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    Quote Originally Posted by newsense View Post
    Over the last couple of years I seem to have listened to hundreds of hours of Snarky Puppy - what type of jazz is that ? I'm addicted.

    It sort of sets the trend, as mostly I listen to stuff recorded in the last 20 years - mainly guitarists: first and foremost Sco, but also plenty of Martino, Lagrene, Metheny, Stern, Holdsworth, McLaughlin, plus some not so well known names, Ant Law, Jordan Klemons (!!!) etc. Also keyboards based stuff: Hiromi, Chick, Esbjorn Svensson, etc .

    For me it seems it is not so much a question of style, but of time, i.e. contemporary rather than vintage. However that doesn't stop me from indulging in the occasional Miles fest, when I spend a couple of weeks going through the back catalogue, but after Kind of Blue, my favourite Miles album is Tutu - which kind of says it all about what speaks to my soul.

    (Secret passion: jazzier blues guitarists; Carlton, Ford, Hinds).
    I think Snarky Puppy is from my area. I saw them several years ago. I don't know how to quantify their music so I just take it as it comes. They are infectious, young performers.

  24. #23

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    mid 30's to 40's; sometimes I think I was born in the wrong time. I love Tiny Grimmes, Fat's Waller, Ella, Lena Horn, Eddie Condon, Billie Holiday- to name a few. My My, where has this style gone? I started to watch the Grammy's... then I thought "What in the World am I doing?"

  25. #24

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    Post-bop/modal is what speaks to my musical aesthetic, and when Miles, Wayne, Trane, Herbie, Joe Henderson, etc., started writing their own jazz compositions as improvisational vehicles rather than blow over GAS standards, my ears were waiting. I love that modern sound and different concepts that were being explored. Some can get spiritual like Coltrane's intent.

    For me, that continues to be the branch of the jazz tree that is still exploring newer things.

    Next to that, modern groove with a nod to New Orleans pokes me where I'm human.


  26. #25

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    There's a ton of jazz that speaks to my soul, but I can't say what "type" it is … Is "good" a type?

    I do like the "George Garzone type" of jazz, if that's a thing.

  27. #26

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    Have to correct myself - Julian Lage of the young guys does speak to me. What a wonderful musician.

  28. #27

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    Of the younger generation of guitarists I like both Lage Lund and Gilad Hekselman. Wonderfully lyrical players who respect the tradition while bring their own personalities to the mix...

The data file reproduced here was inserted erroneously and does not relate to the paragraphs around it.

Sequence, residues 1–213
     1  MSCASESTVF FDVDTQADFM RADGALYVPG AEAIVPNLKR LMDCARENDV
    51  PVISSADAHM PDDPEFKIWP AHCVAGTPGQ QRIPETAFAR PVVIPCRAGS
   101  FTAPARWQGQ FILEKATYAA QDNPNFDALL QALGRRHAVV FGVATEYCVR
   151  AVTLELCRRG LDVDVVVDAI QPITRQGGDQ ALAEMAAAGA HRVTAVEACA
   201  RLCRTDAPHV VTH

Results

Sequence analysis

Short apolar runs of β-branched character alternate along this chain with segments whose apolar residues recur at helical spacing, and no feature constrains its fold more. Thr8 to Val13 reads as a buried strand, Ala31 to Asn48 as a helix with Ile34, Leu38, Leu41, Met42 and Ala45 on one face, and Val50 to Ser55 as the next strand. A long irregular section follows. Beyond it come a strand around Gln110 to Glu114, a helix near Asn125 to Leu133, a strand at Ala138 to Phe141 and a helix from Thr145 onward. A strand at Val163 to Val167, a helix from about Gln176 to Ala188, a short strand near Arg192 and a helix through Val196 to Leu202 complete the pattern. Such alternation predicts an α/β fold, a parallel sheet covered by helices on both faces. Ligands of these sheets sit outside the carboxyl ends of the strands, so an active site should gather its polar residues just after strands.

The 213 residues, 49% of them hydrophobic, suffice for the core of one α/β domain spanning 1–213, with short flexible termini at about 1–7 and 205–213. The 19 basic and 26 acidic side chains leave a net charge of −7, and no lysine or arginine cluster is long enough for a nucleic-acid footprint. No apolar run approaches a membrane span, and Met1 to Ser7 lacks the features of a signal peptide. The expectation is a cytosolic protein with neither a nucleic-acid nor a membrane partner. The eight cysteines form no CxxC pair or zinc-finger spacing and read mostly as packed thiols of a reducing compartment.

29. #28

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    Someone mentioned organ trios above. I love those too, esp Jimmy Smith's with Kenny Burrell on guitar and Grady Tate on drums. Here's Joey D with Frank Vignola on guitar and Joe Ascione on drums, live in '99.

    "Learn the repertoire. It’s all in the songs. If you learn 200 songs, you will have no problem improvising."
    Frank Vignola

  30. #29

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    These are a couple of things that do it for me lately. A lot Charles Lloyd's stuff speaks to me. I was lucky enough to catch that show from Lincoln Center. Not sure I could put into words about the "why" but when he launched into Masters of War the hairs on my neck stood up. I think the Marvels is quite an interesting entity. The pedal steel creates another dimension along with Frisell's dreamy landscapes and the Rhythm section is so solid and grounding. Add Charles Lloyd' sax and flute for take off time.

    I never heard of Kenny Garrett until I won tickets to see him live. The next day I ordered a few of his CD's and was pretty amazed at what I'd been missing.

    I too too enjoy the hard bop from the 50's and 60's and of course Midnight Blue but I really find it a lot fun and meaningful to witness it unfold live when I get the chance!

  31. #30

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    Hard to pick, but Brazilian jazz is very close to my heart. Edu Lobo, Toninho Horta, Chico Pinheiro, Trio Corrente, Tres, Stan Getz's Bossa recordings, Jobim's compositions, Dori Caymmi and more.

  32. #31